Transmitting high power laser light through fiber optic cables has been used in industrial environments for years. Designing fiber optic cables for industrial environments requires robust solutions able to handle high power losses without compromise either to process quality or to safety. Internal water cooling, where the optical fiber is in direct contact with water, in combination with an efficient cladding mode-stripper the optical fiber cable has superior advantages handling high power losses. In this paper we will present recent power-handling data for the new series of the well-known standards QBH and QD (LLK-D) fiber optic cables launched by Optoskand. The new series are designed with a combination of materials and internal water cooling.
Constant advancement in laser sources leads to commercial and industrial lasers with ever higher output powers and brilliance. The increasing capabilities of diode laser sources in particular produces extreme challenges for fibre launching. The difficulties arise due to the nature of the diode lasers, which are often designed with a numerical aperture (NA) exceeding the optical fibre’s NA and a spot size overfilling the fibre core so as to maintain the best possible brilliance. In addition to these properties, the spot imaged onto the fibre facet is typically rectangular. The combination of these properties result in an imperfect launch efficiency, forcing the connector built around the optical-fibre to cope with the radiation which is “lost” from the core of the fibre. Improvements in the Optoskand SMAQ connector are discussed, along with the presentation of results showing the increased power- and loss- handling capabilities when used with a variety of diode laser sources at 976nm. The sources used in the tests are optimised for an optical-fibre of core diameter (Ø) 200μm and NA of 0.22. The sources range in maximum power from 150W to 1000W with a coupling efficiency of between 80 and 90%. Additional complimentary results are shown for a Ø=400μm fibre guiding light of NA=0.12 where launch efficiency is 90 to 95%.
In industrial applications using high-brilliance lasers at power levels up to and exceeding 20 kW and similarly direct
diode lasers of 10 kW, there is an increasing demand to continuously monitor component status even in passive
components such as fiber-optic cables. With fiber-optic cables designed according to the European Automotive Industry
fiber standard interface there is room for integrating active sensors inside the connectors. In this paper we present the
integrated active sensors in the new Optoskand QD fiber-optic cable designed to handle extreme levels of power losses,
and how these sensors can be employed in industrial manufacturing. The sensors include photo diodes for detection of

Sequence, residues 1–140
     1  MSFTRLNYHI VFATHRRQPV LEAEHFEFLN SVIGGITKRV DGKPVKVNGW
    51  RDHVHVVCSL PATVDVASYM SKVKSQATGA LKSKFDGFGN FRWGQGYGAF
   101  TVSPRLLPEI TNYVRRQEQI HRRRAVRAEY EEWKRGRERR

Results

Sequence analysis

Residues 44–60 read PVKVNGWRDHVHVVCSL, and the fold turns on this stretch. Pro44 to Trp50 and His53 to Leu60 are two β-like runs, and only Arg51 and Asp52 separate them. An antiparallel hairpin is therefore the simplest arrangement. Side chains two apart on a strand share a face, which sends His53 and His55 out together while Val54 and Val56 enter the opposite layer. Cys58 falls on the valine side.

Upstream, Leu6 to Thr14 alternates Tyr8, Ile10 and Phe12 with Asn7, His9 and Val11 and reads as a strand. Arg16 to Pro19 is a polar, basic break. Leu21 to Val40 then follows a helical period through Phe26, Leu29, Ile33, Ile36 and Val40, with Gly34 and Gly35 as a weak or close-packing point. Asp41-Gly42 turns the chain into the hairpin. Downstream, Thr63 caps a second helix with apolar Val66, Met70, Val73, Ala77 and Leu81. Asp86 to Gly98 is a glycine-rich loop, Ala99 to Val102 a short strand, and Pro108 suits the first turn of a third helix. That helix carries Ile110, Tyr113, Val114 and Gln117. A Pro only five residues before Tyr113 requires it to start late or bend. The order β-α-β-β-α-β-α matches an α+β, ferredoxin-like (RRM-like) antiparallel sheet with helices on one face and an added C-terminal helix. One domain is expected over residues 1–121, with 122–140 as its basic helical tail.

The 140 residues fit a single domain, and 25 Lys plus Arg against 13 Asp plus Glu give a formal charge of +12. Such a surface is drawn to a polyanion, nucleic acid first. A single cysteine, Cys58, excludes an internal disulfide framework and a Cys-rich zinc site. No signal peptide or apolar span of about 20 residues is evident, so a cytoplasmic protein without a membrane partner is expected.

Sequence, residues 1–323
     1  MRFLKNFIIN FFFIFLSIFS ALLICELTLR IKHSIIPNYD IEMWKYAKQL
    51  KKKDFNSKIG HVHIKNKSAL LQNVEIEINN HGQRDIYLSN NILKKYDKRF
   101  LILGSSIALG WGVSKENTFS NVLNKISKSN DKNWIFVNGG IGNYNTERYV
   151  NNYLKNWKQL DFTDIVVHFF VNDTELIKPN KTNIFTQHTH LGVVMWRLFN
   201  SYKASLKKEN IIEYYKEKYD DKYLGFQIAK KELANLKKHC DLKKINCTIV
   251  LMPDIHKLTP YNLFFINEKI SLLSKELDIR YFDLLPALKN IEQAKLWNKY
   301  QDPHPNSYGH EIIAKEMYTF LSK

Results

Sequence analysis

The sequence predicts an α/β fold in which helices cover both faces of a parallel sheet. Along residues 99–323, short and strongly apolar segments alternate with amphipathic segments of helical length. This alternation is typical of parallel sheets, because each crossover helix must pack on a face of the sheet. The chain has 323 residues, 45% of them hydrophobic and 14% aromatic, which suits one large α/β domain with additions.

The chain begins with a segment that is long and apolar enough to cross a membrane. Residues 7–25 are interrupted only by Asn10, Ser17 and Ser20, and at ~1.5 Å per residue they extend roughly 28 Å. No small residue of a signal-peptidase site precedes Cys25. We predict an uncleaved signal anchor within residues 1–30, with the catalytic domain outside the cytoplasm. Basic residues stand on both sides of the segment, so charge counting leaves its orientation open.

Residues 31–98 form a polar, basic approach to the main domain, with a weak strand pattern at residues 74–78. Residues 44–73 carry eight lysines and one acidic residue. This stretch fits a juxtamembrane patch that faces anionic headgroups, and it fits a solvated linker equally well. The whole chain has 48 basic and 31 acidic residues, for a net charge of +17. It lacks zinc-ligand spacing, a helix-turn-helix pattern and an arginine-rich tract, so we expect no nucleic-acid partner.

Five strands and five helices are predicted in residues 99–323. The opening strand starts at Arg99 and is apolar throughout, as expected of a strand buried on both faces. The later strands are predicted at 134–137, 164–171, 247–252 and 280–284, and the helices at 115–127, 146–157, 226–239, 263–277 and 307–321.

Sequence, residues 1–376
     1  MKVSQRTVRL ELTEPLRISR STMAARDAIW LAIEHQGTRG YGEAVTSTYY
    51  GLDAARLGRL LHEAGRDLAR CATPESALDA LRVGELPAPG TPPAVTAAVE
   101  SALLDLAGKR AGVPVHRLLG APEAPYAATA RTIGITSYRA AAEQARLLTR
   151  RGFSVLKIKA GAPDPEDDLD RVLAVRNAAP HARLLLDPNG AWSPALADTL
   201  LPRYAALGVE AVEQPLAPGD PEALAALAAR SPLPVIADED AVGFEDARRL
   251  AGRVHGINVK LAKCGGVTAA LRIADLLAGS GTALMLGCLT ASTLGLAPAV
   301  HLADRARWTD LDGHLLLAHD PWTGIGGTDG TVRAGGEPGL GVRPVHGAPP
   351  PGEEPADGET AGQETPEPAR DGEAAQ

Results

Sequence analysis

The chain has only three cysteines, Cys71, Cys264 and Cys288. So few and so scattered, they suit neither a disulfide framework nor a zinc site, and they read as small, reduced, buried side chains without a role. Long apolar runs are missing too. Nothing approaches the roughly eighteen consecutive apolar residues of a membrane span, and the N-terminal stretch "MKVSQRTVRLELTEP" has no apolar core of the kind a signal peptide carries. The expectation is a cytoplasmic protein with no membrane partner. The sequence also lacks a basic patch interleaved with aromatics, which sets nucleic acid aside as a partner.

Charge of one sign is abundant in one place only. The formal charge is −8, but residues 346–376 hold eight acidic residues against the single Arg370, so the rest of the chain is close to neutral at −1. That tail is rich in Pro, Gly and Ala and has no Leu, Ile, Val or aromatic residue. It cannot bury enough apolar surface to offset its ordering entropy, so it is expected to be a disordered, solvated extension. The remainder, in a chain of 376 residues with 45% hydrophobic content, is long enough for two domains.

scattered light inside the fiber connector, absolute temperature of the fiber connector, difference in temperature of
incoming and outgoing cooling water, and humidity measurement inside the fiber connector. All these sensors are
connected to the fiber interlock system, where interlock break enable functions can be activated when measured signals
are higher than threshold levels. It is a very fast interlock break system as the control of the signals is integrated in the
electronics inside the fiber connector. Also, since all signals can be logged it is possible to evaluate what happened inside
the connector before the interlock break instance. The communication to the fiber-optic connectors is via a CAN
interface. Thus it is straightforward to develop the existing laser host control to also control the CAN-messages from the
High laser power levels in combination with increasing beam quality bring optics performance into focus, particularly
with regard to systems with low focal shifts along the optical axis. In industrial applications, this often influences the
overall performance of the process, especially if the focal shift is comparable to or in excess of the Rayleigh length. It is
commonly accepted that the focal shifts are of thermal nature where lens material, lens coating, geometry and surface
contamination all contribute to the direction and extent of the focal shifts. In this paper we will present a novel design of
lens packages where a patented all-in-quartz concept is explored. By mounting quartz lenses in hermetically sealed
quartz tubes and applying water cooling on the perimeter of the quartz tubes we will reduce or eliminate a number of
contributing factors to focal shift problems. The hermetic sealing, carried out in a clean-room environment, will
minimize lens surface contamination. Differences in thermal expansion between lens and housing are eliminated as the
lens and housing will be of the same material. Absorption of scattered laser light will be efficient as the energy is